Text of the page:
Many civilians commonly assume that people “retire” from the military when they leave the service, which isn’t always the case. Receiving a discharge, or separation, is not the same thing as military retirement. A military discharge is simply defined as a military member being released from their obligation to continue service in the armed forces. A discharge relieves the veteran from any future military service obligations where as a retired reserve individual may be called back to active duty. A separation from the military can be voluntary or involuntary, and may leave additional unfulfilled military service obligation that will need to be carried out in the Individual Ready Reserve. It’s important to note that there are several types of military discharges, and these can have a profound impact on a veteran’s ability to receive veterans benefits, serve in government employment, reenlist in the military, and more.
Types of Military Discharges
The type of military discharge a veteran receives will be listed on his or her DD-214 Military Discharge Paperwork. The following are a list of various types of military discharges:
If a military service member received a good or excellent rating for their service time, by exceeding standards for performance and personal conduct, they will be discharged from the military honorably. An honorable military discharge is a form of administrative discharge.
If a service member’s performance is satisfactory but the individual failed to meet all expectations of conduct for military members, the discharge is considered a general discharge. To receive a general discharge from the military there has to be some form of nonjudicial punishment to correct unacceptable military behavior. A general military discharge is a form of administrative discharge.
Other Than Honorable Conditions Discharge
The most severe type of military administrative discharge is the Other Than Honorable Conditions. Some examples of actions that could lead to an Other Than Honorable Discharge include security violations, use of violence, conviction by a civilian court with a sentence including prison time, or being found guilty of adultery in a divorce hearing (this list is not a definitive list; these are only examples). In most cases, veterans who receive an Other Than Honorable Discharge cannot re-enlist in the Armed Forces or reserves, except under very rare circumstances. Veteran’s benefits are not usually available to those discharged through this type of discharge.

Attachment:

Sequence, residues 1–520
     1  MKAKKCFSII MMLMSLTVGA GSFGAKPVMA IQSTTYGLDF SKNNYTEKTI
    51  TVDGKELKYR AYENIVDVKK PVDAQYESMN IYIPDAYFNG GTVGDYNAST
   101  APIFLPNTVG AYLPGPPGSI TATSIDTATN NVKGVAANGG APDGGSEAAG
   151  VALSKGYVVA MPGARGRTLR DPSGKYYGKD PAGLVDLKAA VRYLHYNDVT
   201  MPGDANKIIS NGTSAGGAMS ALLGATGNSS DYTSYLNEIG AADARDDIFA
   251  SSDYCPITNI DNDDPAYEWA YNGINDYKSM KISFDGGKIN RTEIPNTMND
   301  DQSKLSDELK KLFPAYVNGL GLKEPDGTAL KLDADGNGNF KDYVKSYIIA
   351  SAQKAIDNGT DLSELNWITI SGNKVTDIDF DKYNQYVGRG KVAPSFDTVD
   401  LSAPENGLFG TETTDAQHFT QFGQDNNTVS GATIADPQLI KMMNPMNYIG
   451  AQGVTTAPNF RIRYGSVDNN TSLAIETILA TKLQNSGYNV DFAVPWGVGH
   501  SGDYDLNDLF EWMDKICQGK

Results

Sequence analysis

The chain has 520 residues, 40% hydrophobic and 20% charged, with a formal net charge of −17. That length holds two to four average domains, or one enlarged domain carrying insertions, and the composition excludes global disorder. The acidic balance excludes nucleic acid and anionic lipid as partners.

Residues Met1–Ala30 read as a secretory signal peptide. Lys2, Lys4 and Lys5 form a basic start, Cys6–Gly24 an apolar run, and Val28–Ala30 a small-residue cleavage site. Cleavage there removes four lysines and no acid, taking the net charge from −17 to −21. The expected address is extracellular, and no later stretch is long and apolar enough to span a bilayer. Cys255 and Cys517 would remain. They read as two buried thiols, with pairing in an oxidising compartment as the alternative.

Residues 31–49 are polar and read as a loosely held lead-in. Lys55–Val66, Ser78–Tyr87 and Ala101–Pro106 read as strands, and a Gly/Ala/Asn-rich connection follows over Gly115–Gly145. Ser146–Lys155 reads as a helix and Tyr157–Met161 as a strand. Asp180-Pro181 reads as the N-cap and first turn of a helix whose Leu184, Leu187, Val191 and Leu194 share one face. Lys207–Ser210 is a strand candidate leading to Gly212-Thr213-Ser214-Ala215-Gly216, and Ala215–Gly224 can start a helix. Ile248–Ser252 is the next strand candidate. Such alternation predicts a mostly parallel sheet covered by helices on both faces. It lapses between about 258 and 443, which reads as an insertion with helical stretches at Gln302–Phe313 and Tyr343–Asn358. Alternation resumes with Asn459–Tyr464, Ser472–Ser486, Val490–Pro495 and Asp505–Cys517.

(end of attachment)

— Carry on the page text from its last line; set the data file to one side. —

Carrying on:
Bad Conduct Discharge (BCD)
The Bad Conduct Discharge is only passed on to enlisted military members and is given by a court-martial due to punishment for bad conduct. A Bad Conduct discharge is often preceded by time in military prison. Virtually all veteran’s benefits are forfeited if discharged due to Bad Conduct.
If the military considers a service members actions to be reprehensible, the general court-martial can determine a dishonorable discharge is in order. Murder and sexual assault are examples of situations which would result in a dishonorable discharge. If someone is dishonorably discharged from the military they are not allowed to own firearms according to US federal law. Military members who receive a Dishonorable Discharge forfeit all military and veterans benefits and may have a difficult time finding work in the civilian sector.
Commissioned officers cannot receive bad conduct discharges or a dishonorable discharge, nor can they be reduced in rank by a court-martial. If an officer is discharged by a general court-martial, they receive a Dismissal notice which is the same as a dishonorable discharge.
Entry Level Separation (ELS)
If an individual leaves the military before completing at least 180 days of service, they receive an entry level separation status. This type of military discharge can happen for a variety of reasons (medical, administrative, etc.) and is neither good or bad, though in many cases, service of less than 180 may prevent some people from being classified as a veteran for state and federal military benefits.
How Military Discharge Information Should Be Used for Job Interviews
This information should be used as a reference only – especially if you are an employer researching a job applicant. Due to legal issues surrounding Equal Employment Opportunities and related laws, one should be careful in the interview process. It is generally illegal to ask which type of discharge a military veteran received, unless it is to ask whether or not an applicant received an Honorable or General Discharge if you are ascertaining whether or not the applicant qualifies for veteran’s preference. Read more about illegal job interview questions.
However, even if the veteran did not receive one of these types of discharges, it doesn’t necessarily mean they were discharged for bad conduct, as the reason could have been a medical discharge or other administrative discharge. It is usually best to keep the line of questioning centered around the job applicant’s experience and qualifications. For example, you can ask them if they have military service,the period of their service, rank at time of separation, type of training, leadership, and work experience, qualifications and certifications, and anything else relevant to the specific position for which they are applying. See your Human Resources office for more information.